The pain that lasts for more than three months is known as chronic pain. It can occur anywhere in your body. You can feel pain all the time, or it may come and go. The chronic interfere with your routine activities like having a social life, working, and looking out for yourself and others. Besides, it can lead to trouble sleeping, fatigue, mood swings, anxiety, and depression, making the pain worse. Its response creates a difficulty to break the cycle.

There is exists another type of pain called acute pain, which differs from chronic pain. Acute pain happens when you get hurt, like a broken bone or a simple cut of your skin, and it goes away when your body heals and doesn’t last long. In comparison, chronic pain starts to continue long after you recover from an illness or injury, and sometimes it happens for no apparent reason.

Where Can You Have Chronic Pain?

It is very common in the United States, where approximately one-fourth of the adult population experience chronic pain. Chronic pain can come in various forms and happens across the body. The common type of such pain includes:

  • Headaches, including migraines
  • Cancer pain near a tumor
  • Neck pain
  • Back pain
  • Joint pain or Arthritis
  • Scar tissue pain
  • Neurogenic pain from damage to parts of the nervous system such as nerves
  • Muscle pain like with fibromyalgia

Causes and Symptoms of Chronic Pain

At times there are obvious reasons for the cause of chronic pain. It can be caused due to a long-lasting illness like cancer or arthritis that brings ongoing pain.

In addition, diseases and injuries cause to change your body that leaves you sensitive to pain. Such changes can stay long after you have healed from the actual disease or injury. For instance, a broken bone, brief infection, or a sprain can leave you with chronic pain.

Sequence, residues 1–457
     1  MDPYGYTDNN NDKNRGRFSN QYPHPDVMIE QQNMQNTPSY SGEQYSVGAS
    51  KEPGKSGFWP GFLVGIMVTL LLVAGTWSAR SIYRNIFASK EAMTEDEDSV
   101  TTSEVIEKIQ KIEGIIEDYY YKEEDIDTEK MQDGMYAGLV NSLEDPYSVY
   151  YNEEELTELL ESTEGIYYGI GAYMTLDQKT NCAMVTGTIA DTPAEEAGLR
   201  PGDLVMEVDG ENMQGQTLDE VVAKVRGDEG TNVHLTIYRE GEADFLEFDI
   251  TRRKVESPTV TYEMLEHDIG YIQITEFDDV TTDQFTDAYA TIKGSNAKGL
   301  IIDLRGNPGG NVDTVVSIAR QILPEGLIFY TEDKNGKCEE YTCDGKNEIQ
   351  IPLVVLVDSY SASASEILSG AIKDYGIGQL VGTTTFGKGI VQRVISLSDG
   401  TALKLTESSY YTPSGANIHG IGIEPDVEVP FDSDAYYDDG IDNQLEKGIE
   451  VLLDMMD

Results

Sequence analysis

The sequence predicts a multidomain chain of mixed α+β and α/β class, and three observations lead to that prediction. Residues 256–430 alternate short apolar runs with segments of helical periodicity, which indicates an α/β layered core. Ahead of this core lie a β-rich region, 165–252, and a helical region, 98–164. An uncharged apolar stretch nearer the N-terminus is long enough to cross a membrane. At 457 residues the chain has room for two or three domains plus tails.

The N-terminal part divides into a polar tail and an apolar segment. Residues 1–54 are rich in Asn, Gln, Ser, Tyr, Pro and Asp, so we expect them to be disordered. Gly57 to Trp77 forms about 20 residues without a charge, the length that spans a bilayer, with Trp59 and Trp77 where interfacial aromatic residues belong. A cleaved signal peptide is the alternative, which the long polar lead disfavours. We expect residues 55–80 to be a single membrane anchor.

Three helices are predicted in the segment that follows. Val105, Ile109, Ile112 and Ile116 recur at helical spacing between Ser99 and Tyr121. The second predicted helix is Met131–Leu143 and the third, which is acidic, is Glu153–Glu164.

Further, some people experience chronic pain without any physical illness or injury. It is referred to as psychosomatic pain or psychogenic pain by healthcare providers. Depression, anxiety, and stress are factors behind this pain. Usually, it occurs due to low endorphin levels in the blood.

Chronic pain varies from person to person. Those who are suffering from chronic pain often describe it in different ways mentioned below:

  • Stiffness
  • Shooting
  • Squeezing
  • Burning
  • Throbbing
  • Aching
  • Stinging

Management and Treatment of Chronic Pain

The healthcare providers first need to identify the cause behind the pain to manage and treat them. Various strategies, including medications, therapies, lifestyle changes, and others, can help manage and treat chronic pain. Let’s have a look at the different ways.

Prescription Pain Relief

Your doctor may prescribe your medicines to treat your severe chronic pain, including cancer pain, low back pain, severe headaches, arthritis, chronic migraines, neuropathic pain, or other chronic pain. Narcotics or opioid medication may be used if you have severe pain, and however, you can get addicted to them. Commonly prescribed opioid medicines are morphine, oxycodone (Endocet), and tramadol (Ultram). These medications work by altering your brain’s perception of pain, and they can trigger constipation. So, you are advised to drink plenty of water and get a sufficient intake of fiber.

Over-the-Counter Medication